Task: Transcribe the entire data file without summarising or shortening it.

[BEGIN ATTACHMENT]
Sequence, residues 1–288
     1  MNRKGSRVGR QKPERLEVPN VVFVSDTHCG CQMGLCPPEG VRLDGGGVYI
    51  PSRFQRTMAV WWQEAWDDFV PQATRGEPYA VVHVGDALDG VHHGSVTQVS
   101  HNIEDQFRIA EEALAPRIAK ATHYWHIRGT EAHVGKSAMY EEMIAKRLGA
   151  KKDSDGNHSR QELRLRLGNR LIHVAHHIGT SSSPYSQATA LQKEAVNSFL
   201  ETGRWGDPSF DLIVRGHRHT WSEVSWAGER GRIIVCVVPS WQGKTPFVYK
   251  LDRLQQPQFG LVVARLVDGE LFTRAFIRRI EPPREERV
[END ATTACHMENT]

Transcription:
Sequence, residues 1–288
     1  MNRKGSRVGR QKPERLEVPN VVFVSDTHCG CQMGLCPPEG VRLDGGGVYI
    51  PSRFQRTMAV WWQEAWDDFV PQATRGEPYA VVHVGDALDG VHHGSVTQVS
   101  HNIEDQFRIA EEALAPRIAK ATHYWHIRGT EAHVGKSAMY EEMIAKRLGA
   151  KKDSDGNHSR QELRLRLGNR LIHVAHHIGT SSSPYSQATA LQKEAVNSFL
   201  ETGRWGDPSF DLIVRGHRHT WSEVSWAGER GRIIVCVVPS WQGKTPFVYK
   251  LDRLQQPQFG LVVARLVDGE LFTRAFIRRI EPPREERV